Solutions to Common Problems

The following section describes common problems and solutions in Final Cut Pro.

Problems with Video Devices

If you experience the following issues when working with video devices, try these solutions.

Your camcorder or deck is not recognized
  • Make sure your device control cable or FireWire cable is properly connected and plugged in all the way.

  • Verify that the camcorder is set to VCR mode.

  • Make sure the appropriate protocol for your device is selected in the device control preset. (See Viewing a Summary of the Current Presets.)

  • Quit Final Cut Pro, shut down your computer, turn your camcorder or deck off and on, then restart your computer.

You can’t control certain functions of your camcorder or deck
  • Make sure your device control cable is properly connected.

  • Make sure the appropriate protocol for your device is selected in the device control preset you’re using. (See Viewing a Summary of the Current Presets.)

    If you’re using FireWire, try changing the protocol to Apple FireWire Basic.

  • If your deck has a Local/Remote switch, make sure it’s set to Remote.

Problems During Playback

This section lists problems that can occur during playback, along with possible solutions.

Video is not visible on an external NTSC or PAL monitor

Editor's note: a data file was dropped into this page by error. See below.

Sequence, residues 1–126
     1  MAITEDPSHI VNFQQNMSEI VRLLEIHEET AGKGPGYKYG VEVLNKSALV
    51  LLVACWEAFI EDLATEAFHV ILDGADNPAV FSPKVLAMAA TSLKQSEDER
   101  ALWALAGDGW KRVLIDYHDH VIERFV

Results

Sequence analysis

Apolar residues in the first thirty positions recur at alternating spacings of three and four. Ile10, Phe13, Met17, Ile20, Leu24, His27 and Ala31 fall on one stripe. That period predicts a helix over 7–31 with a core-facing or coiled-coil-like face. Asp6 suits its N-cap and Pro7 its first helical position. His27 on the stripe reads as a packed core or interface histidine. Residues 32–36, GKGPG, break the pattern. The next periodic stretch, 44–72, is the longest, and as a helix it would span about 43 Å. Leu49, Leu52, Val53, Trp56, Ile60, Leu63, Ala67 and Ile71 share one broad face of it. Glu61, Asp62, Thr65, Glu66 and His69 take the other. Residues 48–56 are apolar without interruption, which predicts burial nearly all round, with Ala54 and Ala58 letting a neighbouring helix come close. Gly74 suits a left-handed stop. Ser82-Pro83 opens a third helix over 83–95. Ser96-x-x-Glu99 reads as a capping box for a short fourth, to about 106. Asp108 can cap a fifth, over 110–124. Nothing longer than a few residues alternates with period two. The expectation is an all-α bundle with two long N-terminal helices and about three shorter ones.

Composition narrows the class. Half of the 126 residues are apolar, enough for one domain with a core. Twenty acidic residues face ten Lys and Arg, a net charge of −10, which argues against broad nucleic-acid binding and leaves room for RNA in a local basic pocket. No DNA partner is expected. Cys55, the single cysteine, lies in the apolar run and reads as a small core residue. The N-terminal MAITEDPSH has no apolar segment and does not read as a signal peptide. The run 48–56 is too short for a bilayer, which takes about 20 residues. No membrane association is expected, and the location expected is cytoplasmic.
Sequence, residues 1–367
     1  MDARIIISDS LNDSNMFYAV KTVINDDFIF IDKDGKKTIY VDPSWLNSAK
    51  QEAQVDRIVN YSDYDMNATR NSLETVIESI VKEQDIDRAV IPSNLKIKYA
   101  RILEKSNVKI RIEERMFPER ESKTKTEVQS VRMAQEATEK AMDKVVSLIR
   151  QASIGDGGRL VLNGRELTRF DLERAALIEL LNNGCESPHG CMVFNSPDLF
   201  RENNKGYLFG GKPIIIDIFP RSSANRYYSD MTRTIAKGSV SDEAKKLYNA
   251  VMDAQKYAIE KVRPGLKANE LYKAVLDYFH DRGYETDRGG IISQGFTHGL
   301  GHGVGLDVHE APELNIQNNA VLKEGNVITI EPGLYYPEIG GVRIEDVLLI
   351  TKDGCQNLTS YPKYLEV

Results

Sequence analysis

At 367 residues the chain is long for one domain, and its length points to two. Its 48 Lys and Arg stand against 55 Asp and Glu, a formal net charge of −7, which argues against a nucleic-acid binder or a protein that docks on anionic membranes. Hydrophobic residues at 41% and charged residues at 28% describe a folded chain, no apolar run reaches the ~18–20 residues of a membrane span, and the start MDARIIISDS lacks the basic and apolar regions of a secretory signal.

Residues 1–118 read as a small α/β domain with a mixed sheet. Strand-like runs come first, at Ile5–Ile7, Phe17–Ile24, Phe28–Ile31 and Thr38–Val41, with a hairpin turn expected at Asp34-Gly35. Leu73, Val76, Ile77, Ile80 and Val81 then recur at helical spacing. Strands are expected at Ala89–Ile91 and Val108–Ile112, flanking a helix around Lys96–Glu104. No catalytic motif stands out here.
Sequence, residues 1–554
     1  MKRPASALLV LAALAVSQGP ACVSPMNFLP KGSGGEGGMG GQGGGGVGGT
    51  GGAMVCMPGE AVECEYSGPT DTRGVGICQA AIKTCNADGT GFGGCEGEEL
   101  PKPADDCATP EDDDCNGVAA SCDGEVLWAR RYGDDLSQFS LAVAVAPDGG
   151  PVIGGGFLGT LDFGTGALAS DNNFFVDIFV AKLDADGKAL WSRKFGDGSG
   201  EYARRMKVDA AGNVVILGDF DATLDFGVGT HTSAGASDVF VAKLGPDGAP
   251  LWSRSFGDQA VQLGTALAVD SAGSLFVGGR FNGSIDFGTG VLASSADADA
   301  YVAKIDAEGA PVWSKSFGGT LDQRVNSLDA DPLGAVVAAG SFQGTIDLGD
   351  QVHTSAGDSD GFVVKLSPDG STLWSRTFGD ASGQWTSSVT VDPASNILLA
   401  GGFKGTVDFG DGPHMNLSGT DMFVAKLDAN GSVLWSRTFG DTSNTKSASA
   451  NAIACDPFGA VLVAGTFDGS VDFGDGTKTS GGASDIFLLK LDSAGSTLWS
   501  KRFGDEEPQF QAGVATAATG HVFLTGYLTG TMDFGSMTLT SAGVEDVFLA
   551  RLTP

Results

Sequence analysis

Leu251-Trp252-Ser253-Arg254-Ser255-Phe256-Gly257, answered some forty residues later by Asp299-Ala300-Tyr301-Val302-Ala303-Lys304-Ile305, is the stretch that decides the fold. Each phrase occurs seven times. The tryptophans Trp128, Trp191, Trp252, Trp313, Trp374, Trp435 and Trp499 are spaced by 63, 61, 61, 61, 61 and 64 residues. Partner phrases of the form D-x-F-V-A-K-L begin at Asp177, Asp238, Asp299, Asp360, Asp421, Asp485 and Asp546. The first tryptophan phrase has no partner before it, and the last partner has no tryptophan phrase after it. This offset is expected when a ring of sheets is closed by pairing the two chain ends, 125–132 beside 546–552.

• Make sure your cables are properly connected from the DV device to your computer and from the DV device to the NTSC or PAL monitor.

  • If you’re viewing your video on a camcorder that’s connected to your computer’s FireWire port, make sure the camcorder is set to VCR mode.

  • Close the Log and Capture window if it’s open.

  • Make sure you choose View > External Video, then choose All Frames or Single Frames.

  • Make sure you’ve selected the appropriate setting in the A/V Devices tab of the Audio/Video Settings window. (See Learning About Audio/Video Presets.)

  • If you’re outputting to a DV device, make sure that the clip you’re viewing is a DV compressed clip. Choose Edit > Item Properties and make sure the Compressor setting is the DV-NTSC or DV-PAL codec.

Your external NTSC or PAL monitor is displaying an orange frame with a message saying that the video card is not supported for RT effects and may have insufficient video memory or be an unsupported type
  • Make sure the monitor displaying the Viewer and Canvas is connected to a video graphics card that’s compatible with Final Cut Pro.

The audio is not in sync with the video, or you’re experiencing dropped frames in your video

Many audio sync issues stem from dropped frames on capture or output. Nearly all dropped frames are caused by either incorrectly configured hardware or incorrect preference settings. The leading causes of dropped frames are the following: